♪♪♪ Le Guin: In 'A Wizard [laughing] of Earthsea,' Ged has to find out who he is.

He's a kid with a tremendous gift and he knows it.

He knows he has a power that most people don't have.

When you're young, you're kinda -- Nothing can kill you.

Nothing can really hurt you.

You're gonna get away with it, you know.

He really thinks that way.

[laughing] Until he gets nearly killed by his own folly.

Chabon: It's an internal evil.

You know, it's Ged's own worst self... [ Wind blowing ] ...that becomes the evil presence in his life.

[ Water gurgling ] Le Guin: Well, a lotta kids go through something like that and then they have to kind of struggle on and figure out, 'Okay. Actually, I'm not quite who I thought I was.

Who am I?

How do I be a good person?'

Seems like a real simple question, but, most of us spend our lives working at it 'cause, every time you think you've found your way, the way changes.

♪♪♪ I grew up in Berkeley, California.

My father was the head of the Anthropology Department at UC Berkeley.

♪♪♪ Clifford: Alfred Kroeber was the founder of academic anthropology in the early years of the University of California.

Ursula K. Le Guin, and she always keeps the K, for Kroeber, was a precocious faculty brat.

Le Guin: There were a lot of anthropologists around.

It was, you know, just shop talk and I'm listening in.

It was such a mixture of exciting minds and backgrounds, so I'm sure that did something to my head, something good.

♪♪♪ Phillips: Ursula was very much the youngest, the only girl, always trying to get a word in edgewise in this family.

She really learned to debate and to argue and to hold her own in a way that was probably unusual for girls of her generation.

♪♪♪ Le Guin: As soon as school and college were out, we packed up and drove the very long 60 miles up to the Napa Valley.

It's 40 acres with an old ranch house on it.

Those hills are very wild.

You can feel like you're in the absolute wilderness.

♪♪♪ It was heaven for an introvert.

♪♪♪ My father would tell us Indian stories, translating in his head, sometimes, from the language that he'd learned them in.

That was what my father spent years of his life doing, was going around California, on foot, by horse, talking to survivors, to survivors of almost destroyed peoples, trying to save what was left of their culture from the white tide, just taking down what they would and could tell him, just writing it down.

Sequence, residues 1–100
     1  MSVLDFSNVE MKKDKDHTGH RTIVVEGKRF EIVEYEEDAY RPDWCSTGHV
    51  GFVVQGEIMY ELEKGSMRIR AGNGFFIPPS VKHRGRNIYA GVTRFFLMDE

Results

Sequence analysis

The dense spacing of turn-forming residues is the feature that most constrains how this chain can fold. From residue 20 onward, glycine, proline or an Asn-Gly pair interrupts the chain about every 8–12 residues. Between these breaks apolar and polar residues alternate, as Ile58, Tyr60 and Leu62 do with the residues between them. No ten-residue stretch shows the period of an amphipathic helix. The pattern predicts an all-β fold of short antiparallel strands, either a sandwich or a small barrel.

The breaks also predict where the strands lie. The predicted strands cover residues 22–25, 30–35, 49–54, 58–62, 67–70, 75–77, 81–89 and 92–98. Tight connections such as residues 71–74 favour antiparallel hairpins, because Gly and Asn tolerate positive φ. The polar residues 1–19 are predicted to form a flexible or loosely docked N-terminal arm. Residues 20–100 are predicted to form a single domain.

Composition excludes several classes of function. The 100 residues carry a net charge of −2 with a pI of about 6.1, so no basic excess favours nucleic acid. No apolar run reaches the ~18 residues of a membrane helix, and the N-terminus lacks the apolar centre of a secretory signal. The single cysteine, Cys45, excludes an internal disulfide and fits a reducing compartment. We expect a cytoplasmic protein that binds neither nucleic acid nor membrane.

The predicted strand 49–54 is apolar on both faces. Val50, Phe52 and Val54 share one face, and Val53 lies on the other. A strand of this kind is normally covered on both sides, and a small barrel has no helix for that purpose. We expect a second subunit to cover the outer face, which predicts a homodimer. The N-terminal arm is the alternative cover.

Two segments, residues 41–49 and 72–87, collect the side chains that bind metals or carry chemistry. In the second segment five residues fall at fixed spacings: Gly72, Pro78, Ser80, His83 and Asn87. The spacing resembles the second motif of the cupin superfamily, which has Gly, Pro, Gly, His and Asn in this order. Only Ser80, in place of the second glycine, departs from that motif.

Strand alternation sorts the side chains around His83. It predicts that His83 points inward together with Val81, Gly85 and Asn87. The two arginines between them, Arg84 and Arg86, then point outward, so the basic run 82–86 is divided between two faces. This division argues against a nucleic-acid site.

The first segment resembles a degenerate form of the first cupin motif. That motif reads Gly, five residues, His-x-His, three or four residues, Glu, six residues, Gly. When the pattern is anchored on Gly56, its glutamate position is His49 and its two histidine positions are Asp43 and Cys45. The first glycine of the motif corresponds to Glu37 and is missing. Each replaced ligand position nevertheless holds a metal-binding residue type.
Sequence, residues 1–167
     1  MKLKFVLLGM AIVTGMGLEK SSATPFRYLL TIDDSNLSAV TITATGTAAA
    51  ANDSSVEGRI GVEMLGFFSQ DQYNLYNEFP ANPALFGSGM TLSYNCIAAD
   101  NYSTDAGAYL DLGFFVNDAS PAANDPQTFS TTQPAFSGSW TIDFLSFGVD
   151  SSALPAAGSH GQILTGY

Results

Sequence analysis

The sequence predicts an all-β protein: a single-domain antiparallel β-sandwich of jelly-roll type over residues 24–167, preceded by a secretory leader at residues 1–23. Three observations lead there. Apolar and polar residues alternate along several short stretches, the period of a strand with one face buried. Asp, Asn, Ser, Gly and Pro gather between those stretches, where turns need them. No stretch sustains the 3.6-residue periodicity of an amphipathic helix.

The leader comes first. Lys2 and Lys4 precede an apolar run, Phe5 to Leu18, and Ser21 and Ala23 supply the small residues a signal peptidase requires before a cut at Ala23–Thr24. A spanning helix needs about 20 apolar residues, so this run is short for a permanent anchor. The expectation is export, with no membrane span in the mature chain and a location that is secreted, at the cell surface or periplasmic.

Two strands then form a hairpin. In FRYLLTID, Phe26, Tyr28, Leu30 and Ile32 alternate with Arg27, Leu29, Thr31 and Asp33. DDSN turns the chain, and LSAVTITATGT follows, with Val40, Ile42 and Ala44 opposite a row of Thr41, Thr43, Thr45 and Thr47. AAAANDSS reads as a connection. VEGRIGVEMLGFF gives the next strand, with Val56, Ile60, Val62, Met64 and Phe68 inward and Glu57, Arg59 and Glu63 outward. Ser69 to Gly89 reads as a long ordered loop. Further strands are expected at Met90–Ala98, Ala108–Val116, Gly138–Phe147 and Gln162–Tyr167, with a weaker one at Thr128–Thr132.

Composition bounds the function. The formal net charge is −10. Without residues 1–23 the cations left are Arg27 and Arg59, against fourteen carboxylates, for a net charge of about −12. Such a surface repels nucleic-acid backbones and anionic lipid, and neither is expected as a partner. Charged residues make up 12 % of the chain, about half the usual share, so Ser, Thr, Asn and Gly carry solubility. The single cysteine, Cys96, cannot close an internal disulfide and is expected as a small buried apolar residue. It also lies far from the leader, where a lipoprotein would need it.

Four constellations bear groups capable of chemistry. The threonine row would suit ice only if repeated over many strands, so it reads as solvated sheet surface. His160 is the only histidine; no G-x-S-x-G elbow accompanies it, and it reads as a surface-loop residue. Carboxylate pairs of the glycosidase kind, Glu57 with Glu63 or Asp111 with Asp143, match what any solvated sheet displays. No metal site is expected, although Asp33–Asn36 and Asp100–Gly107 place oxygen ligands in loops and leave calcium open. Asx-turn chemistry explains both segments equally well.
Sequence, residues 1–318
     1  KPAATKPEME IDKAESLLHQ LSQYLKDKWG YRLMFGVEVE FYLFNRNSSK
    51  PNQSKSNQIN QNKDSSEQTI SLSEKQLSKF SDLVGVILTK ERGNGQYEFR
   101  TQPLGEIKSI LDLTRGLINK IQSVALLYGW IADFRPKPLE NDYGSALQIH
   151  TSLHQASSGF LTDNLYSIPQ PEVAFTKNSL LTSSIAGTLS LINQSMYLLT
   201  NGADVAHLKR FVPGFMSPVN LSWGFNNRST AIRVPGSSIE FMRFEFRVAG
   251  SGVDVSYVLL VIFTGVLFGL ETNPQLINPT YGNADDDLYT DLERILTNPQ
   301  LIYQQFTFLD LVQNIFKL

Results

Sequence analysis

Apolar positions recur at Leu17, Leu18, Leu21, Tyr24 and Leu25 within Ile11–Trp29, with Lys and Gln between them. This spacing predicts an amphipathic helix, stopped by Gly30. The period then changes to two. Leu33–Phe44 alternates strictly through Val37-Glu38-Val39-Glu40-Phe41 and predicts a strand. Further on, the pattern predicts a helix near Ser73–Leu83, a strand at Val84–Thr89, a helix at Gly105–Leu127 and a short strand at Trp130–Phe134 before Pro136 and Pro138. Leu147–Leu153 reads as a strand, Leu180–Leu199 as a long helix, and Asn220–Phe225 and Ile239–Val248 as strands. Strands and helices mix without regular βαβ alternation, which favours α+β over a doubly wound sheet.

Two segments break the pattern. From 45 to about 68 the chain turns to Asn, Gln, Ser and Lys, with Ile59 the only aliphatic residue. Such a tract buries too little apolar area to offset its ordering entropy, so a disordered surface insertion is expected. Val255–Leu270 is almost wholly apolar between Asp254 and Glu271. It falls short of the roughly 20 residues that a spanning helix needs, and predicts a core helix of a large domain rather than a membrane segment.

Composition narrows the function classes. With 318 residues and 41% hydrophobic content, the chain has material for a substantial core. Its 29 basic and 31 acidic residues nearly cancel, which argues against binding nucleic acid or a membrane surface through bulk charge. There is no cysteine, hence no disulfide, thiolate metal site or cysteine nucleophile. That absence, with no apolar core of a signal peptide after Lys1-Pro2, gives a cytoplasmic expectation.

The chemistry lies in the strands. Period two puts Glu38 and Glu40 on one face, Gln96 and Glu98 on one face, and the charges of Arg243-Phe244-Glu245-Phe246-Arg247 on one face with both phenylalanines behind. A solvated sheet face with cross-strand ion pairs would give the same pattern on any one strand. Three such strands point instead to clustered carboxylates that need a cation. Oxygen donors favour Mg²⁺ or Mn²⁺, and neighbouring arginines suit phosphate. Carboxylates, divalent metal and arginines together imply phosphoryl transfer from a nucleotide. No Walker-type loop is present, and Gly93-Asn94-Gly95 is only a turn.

Biestman: It probably was the darkest chapter for all of Indian country and I think anthropologists were on the forefront of what they saw was saving Natives.

Clifford: It was plausible to think, 'We had better record these cultures and these languages because, in a generation, they wouldn't be there.'

♪♪♪ Kroeber will always be identified with the best-known survivor of the decimated populations of Native California, a man who came to be known as Ishi.

Kroeber: Clifford: In 1911, the last of his kin died and Ishi walked south, down toward Oroville, and the anthropologists in San Francisco heard about this wild man, who they thought must be, perhaps the last really authentic, uncorrupted, unchanged, California Indian.

[ Melancholy tune plays ] Le Guin: Ishi's people were among those people who -- You don't tell a stranger your name.

My father said, 'What would you like us to call you?'

and means 'man, a male person.'

We don't know Ishi's name.

We will never know his name.

Clifford: Ishi and Kroeber had a complex friendship.

They respected each other.

They liked each other and, in some ways, they needed each other.

But it was a friendship that was crosscut by relations of power and authority.

[ Water flowing ] Ishi died in 1916 of tuberculosis and it was very traumatic for Kroeber.

There's, I think, no question about that.

Le Guin: I had not heard the name of Ishi when I was a child.

That was a long-ago chapter in my father's life, 'til, all of a sudden, they started saying, 'Hey, Kroeber, you oughta write about -- You know, you're one of the last people who knew Ishi, and you knew him well. You ought to write it.'

He said, 'I cannot do it.

Ask my wife.'

My mother began to work on the story of Ishi and to live through, in her imagination, how Ishi not only survived in a terrible solitude for a while, but also then came alone into a strange world.

Biestman: The story of California Indians had really not been told in a way that at least partially framed the humanity of that story.

[ Water flowing ] Le Guin: My mother's book opened many people's eyes, including my own, to the appalling history of the white conquest of California.

[scoffing] Some people are quick to see injustice and cruelty, but I was slow to see it.

I had to put the pieces together myself and it took a long time.

It's kinda hard to admit that your people did something awful.

[crying] When I absorb something like that, [sigh] what I do with it, the way I handle it is probably to put it into a novel.

[ Suspenseful music plays ] [ Explosions ] There were a lot of violent struggles about power and domination going on in the world and so, also in my novels, but, I was more interested in exploring alternatives to violence and exploitation and this is the basic purpose of the Ekumen, a peaceful consortium of worlds.